Drug addiction withdrawal symptoms vary depending on the type of drub the user abused and the length of time the user was dependent on the substance. These are some of the types of drugs abused and their timelines: For those who use Benzodiazepines, anxiety and/or seizures may be felt that may last for weeks or in some other cases it can last for months. Those who abuse alcohol may experience tremors and/or seizures that may last for 3 days up to several weeks. Heroin and prescription painkiller dependents may suffer from flu-like symptoms that may last for 5 days while cocaine dependents may suffer from depression and restlessness that may last from 7 to 10 days.
Marijuana is a common drug abused by teens and adults. Adults may easily light up a joint for recreational use. There are those who do this to relieve discomfort or simply to lessen stress. Some of the symptoms of marijuana withdrawal are the following: insomnia, weight loss, dizziness, reduced sexual appetite, digestion problems, reduced appetite for food, nausea, and mood swings. Recent research suggests that marijuana abuse and withdrawal must be addressed through clinical treatment due to its high potential for relapse.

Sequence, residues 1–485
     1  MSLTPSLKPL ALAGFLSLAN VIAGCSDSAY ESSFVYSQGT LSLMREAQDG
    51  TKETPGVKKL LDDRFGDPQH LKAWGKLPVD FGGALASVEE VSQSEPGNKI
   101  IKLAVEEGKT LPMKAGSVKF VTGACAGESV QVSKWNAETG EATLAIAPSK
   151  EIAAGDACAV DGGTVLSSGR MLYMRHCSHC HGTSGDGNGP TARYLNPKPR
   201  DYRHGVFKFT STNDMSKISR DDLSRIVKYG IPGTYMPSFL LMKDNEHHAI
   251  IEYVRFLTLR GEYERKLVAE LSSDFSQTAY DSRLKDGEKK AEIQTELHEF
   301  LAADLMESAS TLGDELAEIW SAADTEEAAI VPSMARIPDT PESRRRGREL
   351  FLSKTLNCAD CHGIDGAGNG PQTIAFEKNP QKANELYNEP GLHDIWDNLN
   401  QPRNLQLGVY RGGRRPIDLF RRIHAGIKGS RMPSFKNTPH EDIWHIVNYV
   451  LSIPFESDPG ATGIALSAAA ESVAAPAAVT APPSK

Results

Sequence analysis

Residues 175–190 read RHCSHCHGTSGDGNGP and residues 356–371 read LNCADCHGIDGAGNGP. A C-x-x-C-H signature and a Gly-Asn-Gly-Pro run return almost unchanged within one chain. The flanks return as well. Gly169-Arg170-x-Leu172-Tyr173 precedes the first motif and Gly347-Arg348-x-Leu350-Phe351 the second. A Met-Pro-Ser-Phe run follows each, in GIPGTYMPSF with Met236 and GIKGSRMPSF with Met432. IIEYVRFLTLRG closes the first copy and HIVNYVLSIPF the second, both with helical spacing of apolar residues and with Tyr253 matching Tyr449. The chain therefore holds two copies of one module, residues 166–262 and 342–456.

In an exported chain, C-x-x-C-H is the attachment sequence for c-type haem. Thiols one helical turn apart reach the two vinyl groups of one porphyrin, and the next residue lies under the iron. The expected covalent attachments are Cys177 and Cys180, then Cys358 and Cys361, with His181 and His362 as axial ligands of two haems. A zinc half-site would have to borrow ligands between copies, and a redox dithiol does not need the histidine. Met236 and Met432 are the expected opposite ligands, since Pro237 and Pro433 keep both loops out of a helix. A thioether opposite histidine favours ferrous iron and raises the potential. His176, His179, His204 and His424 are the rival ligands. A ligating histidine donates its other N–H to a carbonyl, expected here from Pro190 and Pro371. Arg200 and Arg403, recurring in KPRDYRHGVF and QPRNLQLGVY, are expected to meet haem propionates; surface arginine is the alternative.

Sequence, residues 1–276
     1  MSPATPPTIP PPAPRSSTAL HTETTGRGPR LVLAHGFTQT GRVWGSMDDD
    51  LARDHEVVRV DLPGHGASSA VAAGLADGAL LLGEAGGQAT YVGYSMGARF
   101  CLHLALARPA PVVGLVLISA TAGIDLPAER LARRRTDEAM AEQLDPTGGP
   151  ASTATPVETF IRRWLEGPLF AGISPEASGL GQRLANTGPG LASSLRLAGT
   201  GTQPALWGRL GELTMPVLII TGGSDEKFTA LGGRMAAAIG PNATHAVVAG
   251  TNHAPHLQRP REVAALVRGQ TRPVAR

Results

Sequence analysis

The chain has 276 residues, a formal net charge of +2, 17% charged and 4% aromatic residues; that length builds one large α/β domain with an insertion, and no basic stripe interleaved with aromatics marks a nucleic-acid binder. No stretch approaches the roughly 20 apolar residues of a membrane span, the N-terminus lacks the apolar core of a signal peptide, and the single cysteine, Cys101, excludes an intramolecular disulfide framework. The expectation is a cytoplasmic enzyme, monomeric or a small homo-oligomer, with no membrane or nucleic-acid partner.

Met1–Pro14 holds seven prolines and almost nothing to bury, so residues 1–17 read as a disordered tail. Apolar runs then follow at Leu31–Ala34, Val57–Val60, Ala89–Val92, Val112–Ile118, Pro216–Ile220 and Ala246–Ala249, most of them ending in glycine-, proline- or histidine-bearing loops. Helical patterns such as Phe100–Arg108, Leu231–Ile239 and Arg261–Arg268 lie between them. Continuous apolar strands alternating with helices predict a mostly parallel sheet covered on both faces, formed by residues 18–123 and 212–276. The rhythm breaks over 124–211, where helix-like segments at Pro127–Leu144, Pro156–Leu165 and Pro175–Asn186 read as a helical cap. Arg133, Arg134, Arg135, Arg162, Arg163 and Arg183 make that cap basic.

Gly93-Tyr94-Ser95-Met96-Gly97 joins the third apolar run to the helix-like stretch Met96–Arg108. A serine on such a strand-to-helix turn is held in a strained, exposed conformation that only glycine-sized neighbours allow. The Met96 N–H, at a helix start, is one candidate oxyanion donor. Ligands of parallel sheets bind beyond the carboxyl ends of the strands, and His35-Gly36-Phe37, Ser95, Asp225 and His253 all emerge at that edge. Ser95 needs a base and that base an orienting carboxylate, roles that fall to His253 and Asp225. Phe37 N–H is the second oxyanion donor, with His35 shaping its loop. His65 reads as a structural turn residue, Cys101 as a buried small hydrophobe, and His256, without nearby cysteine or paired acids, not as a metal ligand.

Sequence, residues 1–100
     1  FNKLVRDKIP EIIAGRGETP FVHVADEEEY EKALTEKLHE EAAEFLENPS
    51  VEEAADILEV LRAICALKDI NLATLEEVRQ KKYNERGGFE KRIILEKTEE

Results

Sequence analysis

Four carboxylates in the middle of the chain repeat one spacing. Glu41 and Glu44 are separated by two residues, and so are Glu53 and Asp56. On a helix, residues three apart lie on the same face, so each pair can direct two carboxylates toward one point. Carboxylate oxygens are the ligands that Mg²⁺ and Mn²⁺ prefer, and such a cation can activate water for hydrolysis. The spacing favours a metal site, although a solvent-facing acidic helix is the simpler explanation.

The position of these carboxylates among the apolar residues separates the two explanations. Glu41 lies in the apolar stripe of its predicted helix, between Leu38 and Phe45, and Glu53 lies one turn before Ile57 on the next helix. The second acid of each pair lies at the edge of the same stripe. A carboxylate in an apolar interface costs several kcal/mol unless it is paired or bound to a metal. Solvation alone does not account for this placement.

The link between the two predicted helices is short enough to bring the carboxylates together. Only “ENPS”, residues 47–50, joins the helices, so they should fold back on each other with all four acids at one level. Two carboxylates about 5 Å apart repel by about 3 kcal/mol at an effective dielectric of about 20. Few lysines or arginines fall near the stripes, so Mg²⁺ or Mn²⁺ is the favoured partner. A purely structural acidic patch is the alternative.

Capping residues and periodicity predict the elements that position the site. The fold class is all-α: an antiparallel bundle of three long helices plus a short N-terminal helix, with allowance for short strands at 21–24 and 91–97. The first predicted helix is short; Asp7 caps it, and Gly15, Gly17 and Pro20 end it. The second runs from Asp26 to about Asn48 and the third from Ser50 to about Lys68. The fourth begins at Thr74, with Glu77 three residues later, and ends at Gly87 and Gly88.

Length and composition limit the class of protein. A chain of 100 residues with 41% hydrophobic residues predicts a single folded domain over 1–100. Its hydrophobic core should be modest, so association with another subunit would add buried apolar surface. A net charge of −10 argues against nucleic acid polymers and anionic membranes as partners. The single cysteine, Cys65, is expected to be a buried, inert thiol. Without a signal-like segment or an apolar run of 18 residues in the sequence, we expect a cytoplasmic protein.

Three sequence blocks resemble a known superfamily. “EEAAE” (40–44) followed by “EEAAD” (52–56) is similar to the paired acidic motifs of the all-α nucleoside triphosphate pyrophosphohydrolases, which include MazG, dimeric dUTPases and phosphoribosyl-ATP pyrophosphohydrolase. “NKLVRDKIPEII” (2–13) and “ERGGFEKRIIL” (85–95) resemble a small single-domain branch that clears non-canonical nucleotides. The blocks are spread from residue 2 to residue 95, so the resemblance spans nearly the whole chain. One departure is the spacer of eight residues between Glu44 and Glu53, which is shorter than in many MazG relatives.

Another favorite abused substance is ecstasy. It’s a party drug that can stimulate your mood, distort time, and manipulate your perception. Ecstasy stays within your body for up to 72 hours after it is used. Most symptoms are lessened after a week and they dissipate totally after a month. The following are the withdrawal symptoms of ecstasy: agitation, exhaustion, hallucinations, depression and anxiety, as well as aches and pains.
Addictive drugs and alcohol both affect the manner in which the brain processes emotions and also the way it regulates the person’s moods. Such changes create a lot of neurotransmitters such as dopamine and serotonin which give the user an artificial feeling of being elated or being “high.”
Withdrawal symptoms start when a user become dependent on a drug and it is removed. Drugs are absorbed by the body and may stay within the body for a certain period of time. This is often known as the drug’s half-life. The following are some of the other factors that influence the withdrawal symptoms: method used for abuse (e.g., swallowing, injecting, snorting and smoking), medical and mental health issues and factors, amount consumed per use, and family history and genetic factors.
Users may prepare for withdrawal symptoms before they start showing. Doing so may lessen the severity of the symptoms.
First off, you need to speak to your physician. He can tell you what to expect and the proper way of handling the symptoms. It is also important to list down the pros and cons of giving up the abused substance. This will serve as your guide. It is also wise to consult with any health professional before you undergo detox. If you want to learn more about this, click on this link: https://www.evergreendrugrehab.com/drug-rehab/